Last week I was running a referral generation workshop for a small law firm. When we were discussing what stopped us feeling confident at networking, the old chestnut appeared. You know, the one about ‘wanting to appear professional’, so not being able to bring your personality into the conversation. I see this worry about being ‘professional’ popping up time and time again, particularly with the junior lawyers and accountants. So in this blog post I will explore what it really means to be professional at work.

What does it really mean to be professional at work?

I’ve pondered this question for a long time. (I really must get out more!) Over time I’ve come to realise that what it means to be professional means very different things to very different people. You normally don’t realise you’ve not acted professionally until someone tells you: “that really wasn’t professional”. In effect, when someone tells you that you’ve not acted professionally, it normally means your behaviour, appearance or attitude does not match up to their standards of what it means to be a professional. Yes, being professional really is all about someone else’s expectations of how you will act and behave!

What doesn’t ‘being professional’ actually mean (but most people think it does)

I’ve seen this time and time again: where people think that being professional means leaving their personality and uniqueness at home. You see this all the time on places such as LinkedIn and bios on a firm’s website. All the personality is stripped out of the individual and how they describe themselves, or what they do in their life outside of work. Being a professional does not mean that you are not allowed to show your personality at work or with clients, or hide the fact you have a life outside of work. In fact, the very opposite is true. The most ‘professional’ people I know, are the ones who are confident enough to turn up to work or work-related events and be themselves. Yes, their authentic self, warts and all.

Being professional does not mean only talking about work related matters when networking.

Being professional is linked to the standards your firm expects

Of course, when you are representing your firm either in front of a client or at an event, there are standards you must adhere to. However, these standards are more often than not either enshrined vaguely in the firm’s values or sometimes laid out in a firm-wide policy. There is rarely a checklist or document which truly sets out what it means to be professional in your firm. However, whenever you are representing your firm you have a duty to remain professional.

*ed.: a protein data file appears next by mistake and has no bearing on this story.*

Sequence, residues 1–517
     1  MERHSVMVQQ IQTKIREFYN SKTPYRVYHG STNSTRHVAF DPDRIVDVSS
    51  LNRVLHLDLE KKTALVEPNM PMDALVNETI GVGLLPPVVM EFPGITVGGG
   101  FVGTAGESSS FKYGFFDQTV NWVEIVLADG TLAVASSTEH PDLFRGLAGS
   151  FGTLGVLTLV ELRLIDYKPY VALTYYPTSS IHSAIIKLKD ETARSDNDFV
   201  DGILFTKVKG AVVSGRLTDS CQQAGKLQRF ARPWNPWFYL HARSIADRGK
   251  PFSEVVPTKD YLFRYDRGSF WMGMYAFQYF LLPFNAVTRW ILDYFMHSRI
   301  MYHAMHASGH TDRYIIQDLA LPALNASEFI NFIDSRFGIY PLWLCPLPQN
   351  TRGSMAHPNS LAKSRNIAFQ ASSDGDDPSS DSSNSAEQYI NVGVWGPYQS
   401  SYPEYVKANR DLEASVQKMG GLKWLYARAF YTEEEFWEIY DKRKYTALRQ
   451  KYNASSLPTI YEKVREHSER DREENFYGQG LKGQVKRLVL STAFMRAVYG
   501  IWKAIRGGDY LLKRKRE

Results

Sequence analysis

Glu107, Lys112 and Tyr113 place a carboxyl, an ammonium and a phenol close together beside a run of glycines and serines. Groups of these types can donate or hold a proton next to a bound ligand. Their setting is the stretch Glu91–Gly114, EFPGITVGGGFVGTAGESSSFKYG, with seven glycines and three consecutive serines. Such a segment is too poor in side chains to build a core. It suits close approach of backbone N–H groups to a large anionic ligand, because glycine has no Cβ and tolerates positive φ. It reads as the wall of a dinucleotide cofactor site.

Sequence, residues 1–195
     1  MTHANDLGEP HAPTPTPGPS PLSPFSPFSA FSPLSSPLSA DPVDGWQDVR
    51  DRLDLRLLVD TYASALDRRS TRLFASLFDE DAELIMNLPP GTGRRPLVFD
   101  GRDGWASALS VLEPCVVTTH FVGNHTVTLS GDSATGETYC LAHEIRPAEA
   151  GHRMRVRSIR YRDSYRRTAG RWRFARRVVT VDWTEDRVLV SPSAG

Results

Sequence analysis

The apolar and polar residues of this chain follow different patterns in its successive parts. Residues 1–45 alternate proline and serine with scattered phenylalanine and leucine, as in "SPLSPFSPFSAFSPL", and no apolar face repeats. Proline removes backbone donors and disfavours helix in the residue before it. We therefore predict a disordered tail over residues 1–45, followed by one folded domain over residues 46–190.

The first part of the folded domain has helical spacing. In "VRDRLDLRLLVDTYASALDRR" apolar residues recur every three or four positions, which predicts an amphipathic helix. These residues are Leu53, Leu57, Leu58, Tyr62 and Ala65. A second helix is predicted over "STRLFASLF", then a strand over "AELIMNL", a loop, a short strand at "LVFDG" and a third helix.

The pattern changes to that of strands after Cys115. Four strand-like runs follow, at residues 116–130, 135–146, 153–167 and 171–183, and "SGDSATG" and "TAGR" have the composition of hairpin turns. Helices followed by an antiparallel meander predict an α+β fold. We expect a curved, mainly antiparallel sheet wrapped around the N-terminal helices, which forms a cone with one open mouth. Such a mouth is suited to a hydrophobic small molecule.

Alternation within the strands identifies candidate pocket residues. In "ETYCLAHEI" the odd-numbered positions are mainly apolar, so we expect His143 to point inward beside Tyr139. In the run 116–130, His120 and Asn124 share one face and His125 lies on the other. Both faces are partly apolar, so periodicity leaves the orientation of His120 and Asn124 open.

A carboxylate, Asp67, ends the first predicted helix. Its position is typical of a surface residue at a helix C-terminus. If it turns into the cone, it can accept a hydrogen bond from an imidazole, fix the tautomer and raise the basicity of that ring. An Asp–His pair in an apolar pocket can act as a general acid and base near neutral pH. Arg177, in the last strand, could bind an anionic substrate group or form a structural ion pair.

What being professional normally means?

As I’ve mentioned previously, there is no one defined standard about what it really means to be professional at work. Being professional is a very subjective thing and based around our own expectations of what we see as professional behaviour. However, it typically means for most firms and people:

  • Taking care over your personal appearance and hygiene, and adhering to the dress code of your firm
  • Respecting the relationship with the client and putting the client at the heart of what you do
  • Treating your colleagues with respect and turning up as ‘one team’
  • Staying the merry side of sober when going to an event where there is alcohol
  • Not getting yourself into a compromising situation
  • Not posting anything on social media which could embarrass you, a client, or the firm

Why is it important to be authentic rather than ‘professional’?

You will progress your career much further if you are interesting. That means being prepared to take your personality to work and talk about your life outside of work. If you turn up as someone you are not, or try and squash your personality, you will struggle to build rapport and relationships with the people who really matter to you and your career. If you find that you are continually needing to alter your personality in order to ‘fit in’ to your firm, then you are probably in the wrong firm for you.

In summary:

The more authentic you can be at work, whether talking with clients or at an event, the more successful you will become.

Read more great tips on how to be real, and professional, at work:

6 tips to avoid stirring up trouble on social media Is the curse of professionalism limiting your career? How can I make myself memorable at networking events? How to communicate your strengths, and still make friends